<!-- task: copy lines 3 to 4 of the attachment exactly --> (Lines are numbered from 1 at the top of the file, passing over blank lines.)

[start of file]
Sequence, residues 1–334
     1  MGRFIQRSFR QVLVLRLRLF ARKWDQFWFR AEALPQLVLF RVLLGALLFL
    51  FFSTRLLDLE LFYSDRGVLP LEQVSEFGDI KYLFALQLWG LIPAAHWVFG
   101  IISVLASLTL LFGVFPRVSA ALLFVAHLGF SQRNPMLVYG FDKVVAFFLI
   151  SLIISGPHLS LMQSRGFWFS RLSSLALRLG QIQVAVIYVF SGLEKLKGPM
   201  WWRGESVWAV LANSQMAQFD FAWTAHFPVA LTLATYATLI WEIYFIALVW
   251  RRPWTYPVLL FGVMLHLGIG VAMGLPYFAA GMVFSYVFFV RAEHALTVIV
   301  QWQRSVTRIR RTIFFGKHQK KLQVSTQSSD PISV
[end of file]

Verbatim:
    51  FFSTRLLDLE LFYSDRGVLP LEQVSEFGDI KYLFALQLWG LIPAAHWVFG
   101  IISVLASLTL LFGVFPRVSA ALLFVAHLGF SQRNPMLVYG FDKVVAFFLI